If you added all the biotech activity that industry executives and local officials across the country have forecast for the next decade, my guess is the industry would be roughly the size of the Chinese economy.
This "biofantasy" is particularly virulent in former Rust Belt communities desperate for a next act. But it also afflicts genuine contenders such as Washington, where a host of natural advantages has yet to produce large and profitable biotech companies. That reality has been confirmed by a number of recent studies, measuring everything from the number of patents per PhD to the size of the local venture capital pool, which put Washington in the second tier of biotech clusters, behind leaders such as San Francisco and Boston.
As boosters will tell you, the Washington region leads the nation in attracting research dollars and biotech-related PhDs, reflecting the local presence of the National Institutes of Health, the Food and Drug Administration and various other federal labs. But this strength also contains the seeds of the region's weakness. Much of the activity is focused on basic research that is several steps away from commercialization. It has created a scientific culture more oriented toward winning research grants and appropriations than toward starting companies.
The region has also suffered from the fact that its world-class research university and medical school, Johns Hopkins, is not only physically removed from the center of action on the Interstate 270 corridor, but has for most of its history been a stubbornly insular institution that disdained business and commerce. Even as late as the 1970s, when two Hopkins researchers would win a Nobel prize for discovering the early chemical tools needed for gene-splicing, rules and tradition discouraged them and the university from seeking a patent.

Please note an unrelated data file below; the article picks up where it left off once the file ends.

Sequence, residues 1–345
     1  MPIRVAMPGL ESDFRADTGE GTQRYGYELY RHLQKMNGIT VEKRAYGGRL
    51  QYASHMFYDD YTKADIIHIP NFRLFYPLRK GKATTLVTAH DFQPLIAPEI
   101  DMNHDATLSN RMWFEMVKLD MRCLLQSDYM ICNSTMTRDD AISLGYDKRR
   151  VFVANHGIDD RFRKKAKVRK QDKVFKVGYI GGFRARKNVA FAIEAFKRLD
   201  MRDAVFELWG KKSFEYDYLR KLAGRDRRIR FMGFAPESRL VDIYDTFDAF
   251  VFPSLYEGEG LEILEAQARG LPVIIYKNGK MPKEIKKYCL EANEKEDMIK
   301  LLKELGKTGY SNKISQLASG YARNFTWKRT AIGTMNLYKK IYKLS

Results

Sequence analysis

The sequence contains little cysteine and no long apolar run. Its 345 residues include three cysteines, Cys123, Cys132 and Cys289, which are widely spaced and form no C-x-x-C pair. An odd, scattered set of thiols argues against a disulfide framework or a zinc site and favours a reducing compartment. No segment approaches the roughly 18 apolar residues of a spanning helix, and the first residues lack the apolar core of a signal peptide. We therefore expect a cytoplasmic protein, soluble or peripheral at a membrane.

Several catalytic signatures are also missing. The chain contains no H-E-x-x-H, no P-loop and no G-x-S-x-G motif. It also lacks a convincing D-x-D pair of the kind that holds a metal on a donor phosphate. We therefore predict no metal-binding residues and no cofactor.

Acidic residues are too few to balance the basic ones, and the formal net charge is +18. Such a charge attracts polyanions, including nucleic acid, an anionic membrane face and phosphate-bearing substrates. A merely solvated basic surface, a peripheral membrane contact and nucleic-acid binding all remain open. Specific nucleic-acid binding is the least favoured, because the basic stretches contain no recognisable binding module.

Some of this, however, may be changing for the better.
Although they still have a long way to go in turning research into companies, federal officials and industry executives say the culture at NIH and the federal labs has become much more entrepreneurial. Researchers who leave to start companies are now viewed with envy, not head-shaking sympathy.
Meanwhile, Johns Hopkins is undergoing a cultural revolution under new President William Brody, a scientist turned entrepreneur who is determined to have the university engage with the regional economy. Of interest to Washington is the rapid expansion of Hopkins's Rockville campus from a single building used to train local biotech workers into a three-building campus with advanced research labs and office space for biotech companies that have a commercial partnership with the university.
Furthermore, in terms of cutting-edge research, Hopkins no longer has a local monopoly, with competition from several campuses of the University of Maryland and George Mason University across the river in Fairfax.
But what really has the potential to turbocharge the Washington biotech cluster is a new $500 million research facility being developed in Loudoun County by the Howard Hughes Medical Institute. Up to now, the Bethesda institute has quietly provided $400 million per year to support biomedical research, all but a tiny portion of it outside this region. In the future, however, a healthy chunk will go to support 180 young researchers at the new Loudoun facility, where they will have a mandate to pursue interdisciplinary "what if" projects too risky for government or industry funding.
Hughes, with an $11 billion endowment, is one of the classiest outfits anywhere. It has the potential to do for Washington what the Whitehead Institute did for Boston and the Salk and Scripps institutes did for San Diego.
That said, there is still one element missing from the Washington biotech scene: an ongoing informal collaboration among top financiers, executives, academics and government officials willing to invest time, money and political muscle in the industry. That kind of powerful social network, however, probably awaits the day when a handful of Washington area biotech companies finally hit the jackpot.